Like many Vermonters, fiber artist, teacher and writer Cheryl Potter wears a lot of hats — sometimes a tall, pointy, black one, metaphorically speaking: She’s the author of The Broken Circle: Yarns of the Knitting Witches. Having written six fiber-arts instructional books, Potter delves into fantasy with this one; The Broken Circle is the first of a planned trilogy featuring 12 women who activate their magical powers to save their fragile environment from ruin. (The second book, Secrets of the Lost Cave, will be out next summer.)
The book is chock-full of details about raw alpine-goat fiber, dye pots, skeins drying on racks and characters knitting yarn as they listen to, well, yarns. In addition, each of the 20 chapters presents an original “magical” garment (Lavender Mae’s Precious Pouch, Skye’s Traveling Cloak, etc.), which readers can fabricate if they wish by following the Knitting Witches’ companion pattern booklet.
Potter, 52, is the founder of Cherry Tree Hill Yarns in Barton, where seven full-time employees and three part-timers assist her with dyeing and selling yarn, teaching fiber-arts workshops and publishing. In advance of Halloween, Seven Days caught up with Potter en route to a craft show in New York City.
SEVEN DAYS: Is this the life you imagined for yourself?
CHERYL POTTER: Absolutely not. I grew up in a mill town in Maine where everyone in my family did a craft of some kind, but I thought I left it all behind when I was accepted to Middlebury College. Imagine my surprise when I got there and everyone was knitting! I took a part-time job at the local yarn shop and proceeded to knit my way through college and graduate school.
SD: Was the skill of knitting passed down in your family?
CP: Both of my grandmothers knit, as did my mother, who taught me when I was quite young. Excess knitting needles were commonplace in our house, as were napkins and toilet tissue, as she worked at a paper mill. Determined to knit, I got out a box of Kleenex, took two needles, tore the tissue up and attempted to knit it back together. When my mother saw the mess I had made, she got out some yarn and helped me cast on. I was 5.
SD: How did you arrive at this multihued livelihood?
CP: After graduate school, I was offered a job teaching freshman composition at a state university. After the interview, I was so depressed that I moved back to Vermont and bought some Romney sheep. I worked at the Hunger Mountain Co-op, rented out rooms at my farm, got juried into Artisans Hand, wrote short stories, did custom knitting — anything not to work a “real” job.
[But then] I was doing property management for a real estate company in Montpelier. I had to wear a skirt to work and sit in a cubicle, and I loathed it. A well-known fiber arts magazine had come to do a story about my work the year before, and I thought nothing of it until the article came out, and suddenly I was getting a sack of fan mail every day. One week alone I got 66 letters and postcards, urging me on. It was like being Santa, except everyone wanted yarn instead of toys. When I had 80 customers, I quit my job forever. That was in 1987.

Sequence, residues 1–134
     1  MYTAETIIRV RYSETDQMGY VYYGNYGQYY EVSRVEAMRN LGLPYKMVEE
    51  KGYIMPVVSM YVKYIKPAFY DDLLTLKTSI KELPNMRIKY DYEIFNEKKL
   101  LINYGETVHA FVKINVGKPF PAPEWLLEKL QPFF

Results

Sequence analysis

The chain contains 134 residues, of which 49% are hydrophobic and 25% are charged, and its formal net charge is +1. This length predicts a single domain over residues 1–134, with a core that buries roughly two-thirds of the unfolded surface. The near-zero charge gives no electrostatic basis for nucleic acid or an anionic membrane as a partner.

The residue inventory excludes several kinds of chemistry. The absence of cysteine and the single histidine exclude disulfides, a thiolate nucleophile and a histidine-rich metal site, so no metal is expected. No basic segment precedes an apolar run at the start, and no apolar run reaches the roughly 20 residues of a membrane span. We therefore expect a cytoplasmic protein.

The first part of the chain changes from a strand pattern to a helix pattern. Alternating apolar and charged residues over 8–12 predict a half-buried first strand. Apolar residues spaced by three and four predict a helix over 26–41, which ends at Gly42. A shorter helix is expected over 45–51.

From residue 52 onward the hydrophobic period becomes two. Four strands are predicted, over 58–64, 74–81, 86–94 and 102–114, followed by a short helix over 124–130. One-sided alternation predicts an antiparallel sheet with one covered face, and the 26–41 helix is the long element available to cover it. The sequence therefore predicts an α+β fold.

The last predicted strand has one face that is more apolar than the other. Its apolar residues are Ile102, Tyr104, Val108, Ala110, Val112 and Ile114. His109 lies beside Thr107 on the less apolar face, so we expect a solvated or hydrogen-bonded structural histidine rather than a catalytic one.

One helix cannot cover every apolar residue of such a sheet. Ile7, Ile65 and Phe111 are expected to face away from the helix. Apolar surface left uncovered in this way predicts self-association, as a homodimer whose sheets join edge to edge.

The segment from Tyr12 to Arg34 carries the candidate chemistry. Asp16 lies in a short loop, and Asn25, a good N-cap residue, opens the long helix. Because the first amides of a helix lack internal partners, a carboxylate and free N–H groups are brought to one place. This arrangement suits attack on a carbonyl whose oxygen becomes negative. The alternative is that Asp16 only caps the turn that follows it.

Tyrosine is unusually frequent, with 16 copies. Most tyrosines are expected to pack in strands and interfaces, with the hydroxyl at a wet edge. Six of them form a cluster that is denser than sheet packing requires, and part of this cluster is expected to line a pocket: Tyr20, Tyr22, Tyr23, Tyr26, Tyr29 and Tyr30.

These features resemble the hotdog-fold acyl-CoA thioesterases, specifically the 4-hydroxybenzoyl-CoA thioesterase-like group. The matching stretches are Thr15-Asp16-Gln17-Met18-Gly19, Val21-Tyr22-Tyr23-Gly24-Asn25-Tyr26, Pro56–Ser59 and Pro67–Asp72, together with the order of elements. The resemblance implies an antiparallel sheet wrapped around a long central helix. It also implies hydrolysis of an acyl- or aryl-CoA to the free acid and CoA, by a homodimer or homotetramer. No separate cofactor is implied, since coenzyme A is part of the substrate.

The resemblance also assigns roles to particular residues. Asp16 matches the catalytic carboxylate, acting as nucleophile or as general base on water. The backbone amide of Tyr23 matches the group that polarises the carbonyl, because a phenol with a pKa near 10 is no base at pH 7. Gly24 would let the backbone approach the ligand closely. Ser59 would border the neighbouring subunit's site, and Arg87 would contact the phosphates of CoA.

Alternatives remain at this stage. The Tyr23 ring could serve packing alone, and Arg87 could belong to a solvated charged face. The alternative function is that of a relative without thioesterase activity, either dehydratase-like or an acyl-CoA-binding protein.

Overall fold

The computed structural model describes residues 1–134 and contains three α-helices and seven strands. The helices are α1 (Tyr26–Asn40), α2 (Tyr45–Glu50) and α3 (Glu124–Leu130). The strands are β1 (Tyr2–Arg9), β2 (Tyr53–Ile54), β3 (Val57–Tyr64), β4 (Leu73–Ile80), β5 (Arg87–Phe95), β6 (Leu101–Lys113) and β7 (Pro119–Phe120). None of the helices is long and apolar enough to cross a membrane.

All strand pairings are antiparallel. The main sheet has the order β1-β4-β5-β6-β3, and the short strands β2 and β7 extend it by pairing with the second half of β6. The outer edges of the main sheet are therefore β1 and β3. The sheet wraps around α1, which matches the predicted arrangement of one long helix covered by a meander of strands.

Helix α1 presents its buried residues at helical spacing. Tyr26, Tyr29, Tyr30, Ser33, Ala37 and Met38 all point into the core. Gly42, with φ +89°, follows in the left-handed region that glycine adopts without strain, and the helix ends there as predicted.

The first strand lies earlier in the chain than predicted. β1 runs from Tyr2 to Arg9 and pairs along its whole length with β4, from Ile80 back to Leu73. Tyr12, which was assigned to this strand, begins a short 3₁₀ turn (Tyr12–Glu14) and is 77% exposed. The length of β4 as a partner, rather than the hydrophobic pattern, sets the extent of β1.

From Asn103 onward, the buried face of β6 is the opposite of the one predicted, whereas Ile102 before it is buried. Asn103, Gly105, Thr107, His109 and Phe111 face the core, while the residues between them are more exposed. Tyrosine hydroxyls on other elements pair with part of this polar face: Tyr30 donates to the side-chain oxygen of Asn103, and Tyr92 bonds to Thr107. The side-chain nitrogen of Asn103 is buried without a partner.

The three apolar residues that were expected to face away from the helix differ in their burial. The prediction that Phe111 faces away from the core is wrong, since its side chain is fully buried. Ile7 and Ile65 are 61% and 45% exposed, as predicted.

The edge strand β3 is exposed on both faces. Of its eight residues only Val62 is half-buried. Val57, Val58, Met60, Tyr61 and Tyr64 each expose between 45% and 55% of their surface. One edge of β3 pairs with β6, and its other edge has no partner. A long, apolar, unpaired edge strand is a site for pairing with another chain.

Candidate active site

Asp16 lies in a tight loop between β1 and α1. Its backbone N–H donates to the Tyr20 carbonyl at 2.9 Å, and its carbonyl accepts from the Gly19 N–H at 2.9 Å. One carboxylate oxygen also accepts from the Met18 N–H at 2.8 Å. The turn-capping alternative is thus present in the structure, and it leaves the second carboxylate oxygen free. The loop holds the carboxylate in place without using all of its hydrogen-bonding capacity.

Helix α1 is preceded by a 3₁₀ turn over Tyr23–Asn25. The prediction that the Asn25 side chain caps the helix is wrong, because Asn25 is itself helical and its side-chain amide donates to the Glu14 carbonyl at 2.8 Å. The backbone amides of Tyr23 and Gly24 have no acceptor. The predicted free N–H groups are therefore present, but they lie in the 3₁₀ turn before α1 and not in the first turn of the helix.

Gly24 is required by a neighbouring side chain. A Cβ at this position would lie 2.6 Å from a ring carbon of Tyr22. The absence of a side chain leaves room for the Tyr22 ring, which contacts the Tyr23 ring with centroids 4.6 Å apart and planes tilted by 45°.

SD: You note that knitting needles are a lotlike magic wands. Do other knitting or dyeing paraphernalia have witchy overtones?
CP: Yes, dye crystals are just that, and when you add them to different mordants in bubbling pots, it’s hard to distinguish them from cauldrons of witches’ brew. Also, you never know with kettle dyeing what magical colors you will get from the combinations of color and fiber. I call this mystical process “potluck,” as in luck of the dyepot.
SD: Were you knitting when the idea of writing a trilogy occurred?
CP: I so wanted to write fantasy books the entire time I was growing up. Even in grade school, I wrote short stories and plays, and novellas, and I knitted. When The Lord of the Rings came out as a boxed set when I was in sixth grade, I pretended I was sick and stayed home and read the trilogy in three days, all the time thinking Bilbo and Frodo would have been better as knitting witches.
SD: Your prior books are all straightforward pattern books. Why did this one become a fantasy novel?
CP: All of my previous books were with major publishers, who mostly cut all the fantastical text I wrote. The Broken Circle is an indie book, because it allows cross-genre publication such as this young-adult fantasy trilogy with a companion pattern book, and a student workbook for summer reading programs and homeschoolers. What mainstream publisher would print that?
SD: What if people don’t knit, dye or write creatively — do you believe they have access to magic?
CP: I believe that everyone, no matter what they do, has the potential to tap into the magic that is within all of us. In the second book of the Potluck trilogy, my characters call this ability First Folk Fire, which is the ember inside. Everyone has this spark, which is a vestige of magical creativity — but will we smother it out, allow it to ignite or let it consume us?
SD: What else are you brewing in the metaphorical dye vat for the coming years?
CP: I plan to teach guided studio workshops that explore the magical connection between fiber arts and writing. My husband and I are renovating a large farmhouse into a retreat center, so that like-minded people can have a complete immersive experience to create on an artisan level, or to be able to successfully publish their artistic pursuits.
SD: Have you ever knitted a Halloween costume?
CP: No, but I did dye up some orange and black yarn, and I have been invited to a knitting retreat in Maryland on Halloween night. We’ll see what happens.
The original print version of this article was headlined "Fantastic Fiber"
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